- reasonably believe that the information disclosed is substantially true
- not make the disclosure for personal gain
- believe that the making of the disclosure is in all the circumstances reasonable
In addition one or more of the following conditions must be met:
- At the time of making the disclosure, the worker reasonably believes that they will be subject to penalisation by their employer if the disclosure was made to the employer.
- In a case where there is no prescribed person in relation to the wrongdoing, the worker reasonably believes that evidence will be destroyed or concealed if the disclosure is made to the employer.
- The worker has previously made a disclosure of substantially the same nature to their employer or a prescribed person and no action was taken.
- The relevant wrongdoing is of an exceptionally serious nature.
In determining whether the disclosure is, in all the circumstances, reasonable regard should be had to a number of factors including the identity of the person to whom the disclosure is made, the seriousness of the relevant wrongdoing, whether the wrongdoing is continuing or likely to occur in the future and whether the disclosure is made in breach of a duty of confidentiality.
What are the protections?
The Act provides whistleblowers with the following specific protections:
- Protection from dismissal for having made a protected disclosure.
- Protection from penalisation by their employer.
- Civil immunity from actions for damages.
- A qualified privilege under defamation law.
- A right of action in tort where a whistleblower or a member of their family experiences coercion, intimidation, harassment or discrimination at the hand of a third party.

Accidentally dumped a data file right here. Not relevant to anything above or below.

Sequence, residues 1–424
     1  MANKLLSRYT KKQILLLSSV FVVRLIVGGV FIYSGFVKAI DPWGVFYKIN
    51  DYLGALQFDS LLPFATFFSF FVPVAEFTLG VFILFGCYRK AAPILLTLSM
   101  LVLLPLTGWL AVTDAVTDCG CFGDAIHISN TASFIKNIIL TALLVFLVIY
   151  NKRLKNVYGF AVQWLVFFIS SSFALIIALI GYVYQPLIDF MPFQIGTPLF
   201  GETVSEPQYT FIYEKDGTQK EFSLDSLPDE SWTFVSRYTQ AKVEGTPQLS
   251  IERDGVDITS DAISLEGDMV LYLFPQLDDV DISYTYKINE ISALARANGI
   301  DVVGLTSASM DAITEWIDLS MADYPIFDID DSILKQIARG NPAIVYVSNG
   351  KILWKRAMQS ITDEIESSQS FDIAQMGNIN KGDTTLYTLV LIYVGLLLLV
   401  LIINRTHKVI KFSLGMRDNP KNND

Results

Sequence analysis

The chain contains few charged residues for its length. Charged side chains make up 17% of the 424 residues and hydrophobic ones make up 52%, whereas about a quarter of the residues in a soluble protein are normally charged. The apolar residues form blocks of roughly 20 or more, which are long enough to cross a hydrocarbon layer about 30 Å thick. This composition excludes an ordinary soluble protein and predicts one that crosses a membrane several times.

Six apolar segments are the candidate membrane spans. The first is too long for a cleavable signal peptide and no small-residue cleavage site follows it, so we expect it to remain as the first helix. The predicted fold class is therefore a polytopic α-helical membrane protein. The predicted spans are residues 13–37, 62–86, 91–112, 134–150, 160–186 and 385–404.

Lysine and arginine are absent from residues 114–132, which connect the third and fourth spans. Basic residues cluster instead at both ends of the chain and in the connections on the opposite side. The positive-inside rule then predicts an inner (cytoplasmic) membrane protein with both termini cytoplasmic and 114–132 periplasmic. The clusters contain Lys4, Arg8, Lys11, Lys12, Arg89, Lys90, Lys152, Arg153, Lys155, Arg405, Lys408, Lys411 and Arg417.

- Protection of their identity subject to certain exceptions.
- Immunity from criminal liability for making a protected disclosure.
The protections also remain available if the information disclosed on examination does not reveal wrongdoing. Deliberate false reporting will not meet the reasonable belief test and is accordingly not protected.
Public sector bodies
All public sector organisations must establish and publish internal procedures for protected disclosures.
Any contractual clause purporting to limit the operation of the Act and preclude a worker from making a protected disclosure is void.
Other points to note
- Compensation of up to five years’ remuneration can be awarded in an unfair dismissal case for having made a protected disclosure.
- An application for interim relief can brought to the Circuit Court by an employee requesting their reinstatement or reengagement pending the hearing of the unfair dismissal claim.
- Service limitations that usually apply in the case of unfair dismissals are set aside in the case of protected disclosures.
- Ensure a whistleblowing policy is put in place. This is a mandatory requirement for public sector bodies. As a matter of best practice, it is prudent for private sector employers to put policies in place as employers cannot contract out of the provisions of the Act.
- Ensure training and awareness are provided about the policy so that all staff have an awareness and an understanding of what whistleblowing entails.
- Monitor on an ongoing basis the effectiveness of the policy and review/amend as needed.
- Consider appointing a dedicated whistleblowing liaison officer and, if so, ensure they receive appropriate training on how to deal with and manage whistleblowing complaints.
© A&L Goodbody Solicitors. The material is not intended to provide, and does not constitute, legal or any other advice on any particular matter, and is provided for general information purposes only.
Source: CIPD article